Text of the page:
'Shock' On Video Won't Stop Cooke

COMMENT

January 30, 1994|By ELISE ARMACOST

Now showing at your local Laurel area community association meeting room: "Stadium Sights and Sounds," a celluloid plea to let Laurel remain famous only as the place where George Wallace was shot.

On Dec. 31, the Citizens Against Jack Kent Cooke's Stadium ventured into Washington for the Redskins' last home game, armed with a camcorder to capture the seamy netherworld of stadium life.

"What we saw shocked us," a voice intones as the film begins.

Then the camera reveals a panoply of horrors:

Tailgate parties. A man drinking a beer. People having fun.

The strains of "Hail to the Redskins." A street band. Traffic backed up after the game. Trash on the ground after the game.

Even -- brace yourselves here -- public micturition (it's a real word; look it up). Grown men, standing in the woods with their backs to the camera. Just a pigskin's throw from the pit beef and Miller Lite, no less.

At first the figures were so far away that I wasn't sure what they were doing. But the camera crew kept getting closer and closer until . . . Yuk. Disgusting. Gross.

"We do not want this in our neighborhood," the voice proclaims.

No kidding.

We live in an era where people get riled up over placement of a conference center. If Emperor Shah Jahan were alive today and planning to build a tomb for his wife in Laurel, Severna Park or some other suburban mecca, you can bet he would be running into "Citizens Against the Taj Mahal" right about now.

So is it any wonder people are rebelling against the prospect of living near a football stadium full of 78,600 loud, boozy, beery micturators?

I don't blame them, not one bit. If old Jack Kent had focused his beady, greedy little eyes on my neighborhood, I'd be protesting, too. The thought of hearing "Hail to the Redskins! Hail Vic-toe-ree!" for four hours running, 10 Sundays a year, will make fighters out of even the most docile creatures.

I say, "go for it," Citizens Against the Stadium. Football in Laurel might be great for the state economy, it might be great for the collective ego of all those who have felt less than whole since the Colts left, it might be great for county coffers.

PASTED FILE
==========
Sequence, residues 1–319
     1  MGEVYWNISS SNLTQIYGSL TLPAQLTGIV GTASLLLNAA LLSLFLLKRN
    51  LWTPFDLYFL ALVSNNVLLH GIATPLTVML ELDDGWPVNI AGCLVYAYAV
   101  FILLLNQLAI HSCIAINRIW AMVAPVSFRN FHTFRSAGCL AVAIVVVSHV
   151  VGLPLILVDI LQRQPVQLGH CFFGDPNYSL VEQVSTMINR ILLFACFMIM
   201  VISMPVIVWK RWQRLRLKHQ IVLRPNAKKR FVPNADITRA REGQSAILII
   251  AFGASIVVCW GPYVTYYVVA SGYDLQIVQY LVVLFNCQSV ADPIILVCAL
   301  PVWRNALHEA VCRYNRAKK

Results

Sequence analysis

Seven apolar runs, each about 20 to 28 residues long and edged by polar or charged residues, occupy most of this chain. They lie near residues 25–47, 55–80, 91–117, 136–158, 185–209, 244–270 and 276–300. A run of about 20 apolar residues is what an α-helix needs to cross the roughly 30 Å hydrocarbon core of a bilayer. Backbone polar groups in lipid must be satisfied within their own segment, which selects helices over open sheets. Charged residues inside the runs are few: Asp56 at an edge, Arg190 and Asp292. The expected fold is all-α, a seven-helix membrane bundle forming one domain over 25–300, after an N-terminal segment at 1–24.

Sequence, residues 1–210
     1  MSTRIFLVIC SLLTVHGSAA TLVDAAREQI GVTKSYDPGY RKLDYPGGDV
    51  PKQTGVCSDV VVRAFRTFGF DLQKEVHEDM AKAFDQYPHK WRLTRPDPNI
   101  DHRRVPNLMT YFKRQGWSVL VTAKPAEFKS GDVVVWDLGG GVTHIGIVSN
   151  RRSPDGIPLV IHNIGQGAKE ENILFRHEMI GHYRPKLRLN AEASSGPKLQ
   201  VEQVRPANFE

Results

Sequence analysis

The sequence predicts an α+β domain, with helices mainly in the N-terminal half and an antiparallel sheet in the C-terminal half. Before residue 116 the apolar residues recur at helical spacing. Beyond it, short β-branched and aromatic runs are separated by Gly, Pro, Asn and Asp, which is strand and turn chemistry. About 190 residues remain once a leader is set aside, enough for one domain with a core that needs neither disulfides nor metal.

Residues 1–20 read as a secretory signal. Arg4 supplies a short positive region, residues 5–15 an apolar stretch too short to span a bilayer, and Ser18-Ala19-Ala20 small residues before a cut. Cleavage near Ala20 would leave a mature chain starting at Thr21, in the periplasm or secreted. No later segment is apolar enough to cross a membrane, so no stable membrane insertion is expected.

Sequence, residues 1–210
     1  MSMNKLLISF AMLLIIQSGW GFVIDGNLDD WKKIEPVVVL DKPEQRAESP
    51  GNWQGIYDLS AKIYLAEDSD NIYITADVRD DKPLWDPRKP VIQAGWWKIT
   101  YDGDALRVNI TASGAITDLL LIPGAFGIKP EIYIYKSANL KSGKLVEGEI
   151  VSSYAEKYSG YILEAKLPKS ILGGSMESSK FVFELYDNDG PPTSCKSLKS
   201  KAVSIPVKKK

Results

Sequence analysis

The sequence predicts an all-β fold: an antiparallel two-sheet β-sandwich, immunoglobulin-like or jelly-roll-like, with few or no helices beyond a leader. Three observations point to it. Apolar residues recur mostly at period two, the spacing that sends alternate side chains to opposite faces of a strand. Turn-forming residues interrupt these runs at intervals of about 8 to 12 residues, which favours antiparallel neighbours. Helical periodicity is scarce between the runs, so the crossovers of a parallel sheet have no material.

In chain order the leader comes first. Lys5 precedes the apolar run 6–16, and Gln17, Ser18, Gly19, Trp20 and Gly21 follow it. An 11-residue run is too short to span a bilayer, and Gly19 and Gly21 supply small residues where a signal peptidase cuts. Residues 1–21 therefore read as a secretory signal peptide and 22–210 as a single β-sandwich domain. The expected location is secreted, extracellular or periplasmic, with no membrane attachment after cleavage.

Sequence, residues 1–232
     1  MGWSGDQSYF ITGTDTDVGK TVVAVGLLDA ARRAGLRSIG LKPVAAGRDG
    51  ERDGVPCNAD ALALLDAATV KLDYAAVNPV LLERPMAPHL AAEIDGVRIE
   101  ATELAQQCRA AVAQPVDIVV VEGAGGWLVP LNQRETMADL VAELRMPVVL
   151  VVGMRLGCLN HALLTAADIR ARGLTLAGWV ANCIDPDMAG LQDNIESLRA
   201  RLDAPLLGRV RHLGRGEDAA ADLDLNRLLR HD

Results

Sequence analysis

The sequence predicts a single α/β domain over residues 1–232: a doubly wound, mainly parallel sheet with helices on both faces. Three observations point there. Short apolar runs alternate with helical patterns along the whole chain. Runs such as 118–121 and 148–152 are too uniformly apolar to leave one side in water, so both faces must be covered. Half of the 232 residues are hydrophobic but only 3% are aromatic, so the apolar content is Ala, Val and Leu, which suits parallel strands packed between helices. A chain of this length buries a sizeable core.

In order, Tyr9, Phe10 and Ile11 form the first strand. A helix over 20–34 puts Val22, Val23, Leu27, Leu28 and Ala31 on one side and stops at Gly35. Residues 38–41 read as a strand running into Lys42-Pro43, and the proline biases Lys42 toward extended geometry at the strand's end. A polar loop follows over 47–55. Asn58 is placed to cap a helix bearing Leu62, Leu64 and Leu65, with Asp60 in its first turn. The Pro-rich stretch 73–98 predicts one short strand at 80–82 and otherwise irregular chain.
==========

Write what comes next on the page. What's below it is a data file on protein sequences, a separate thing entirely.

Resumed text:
It will not be great for you, no matter how much those Redskins smoothies gush about a "win-win situation."

But here's a little tip. You're gonna need a lot more than that tape to put this stadium on the skids.

Even with the guys in the woods, it's just not that shocking. You watch it and think: one more neighborhood fighting one more project it doesn't want in its backyard. Yawn.

The mass media -- which can actually prove useful to citizens' groups that capture its interest -- will not be sufficiently intrigued.

To politicians who see a stadium as a huge, juicy, prestigious perk, to zoning officials faced with the power and resources of the Cooke machine, the problems of one little group of citizens worried about noise and trash aren't likely to amount to a hill of beans. And never mind that Alexandria, Va., citizens managed to kick Mr. Cooke across the state line. He has learned a lot since then.

Virginia citizens were empowered by the Redskins' blatant lack of consideration for them. This time, the team is covering all the public relations bases. Even those who don't particularly want the Redskins out here can't help but be impressed with their attempts to play fair and make nice with the locals.

It's hard to say anything bad when they take the chief Citizen Against the Stadium and put him on a task force to determine how to make the project more acceptable. Or when they offer to pay for a traffic study -- by a consultant hired by the opponents. Or when they shift the stadium location to suit a nearby townhouse community.

Yes, the Redskins are making a decent name for themselves. So when they promise, as they are already doing, to correct all the problems you see in that little film -- to manage behavior at the new stadium better than D.C. manages RFK, to build restroom facilities throughout the grounds so tailgaters won't have to head for the woods, to use a state-of-the-art sound system that doesn't blast that obnoxious song for 150 miles -- chances are the powers that be are going to believe them.

The Redskins are winning points by being shrewd, prepared and apparently willing to reason. If the citizens are going to beat them, they're going to have to play the same game, but better.

Railing that they don't want 80,000 "screaming maniacs," as one citizen put it, in their neighborhood on autumn Sundays isn't going to do it. For all they know, the zoning hearing officer might be a season ticket-holder.

Even the argument that stadiums belong in urban settings -- which has real merit -- is likely to be seen as veiled NIMBYism.

"They can't just project themselves as no-growth," said Michael Brown, head of the Alexandria CATS. "They can't just rely on Not-In-My-Back-Yard."

They need facts. Expert outside opinions showing that the roads and other utilities are incapable of handling the load are the kinds of information to which the people who decide these things pay attention.

Tapes of semi-rowdy tailgate parties and citizens protesting, "We don't want that in our neighborhood" -- they've seen and heard all that many, many times before.

Elise Armacost is The Baltimore Sun's editorial writer in Anne Arundel County.

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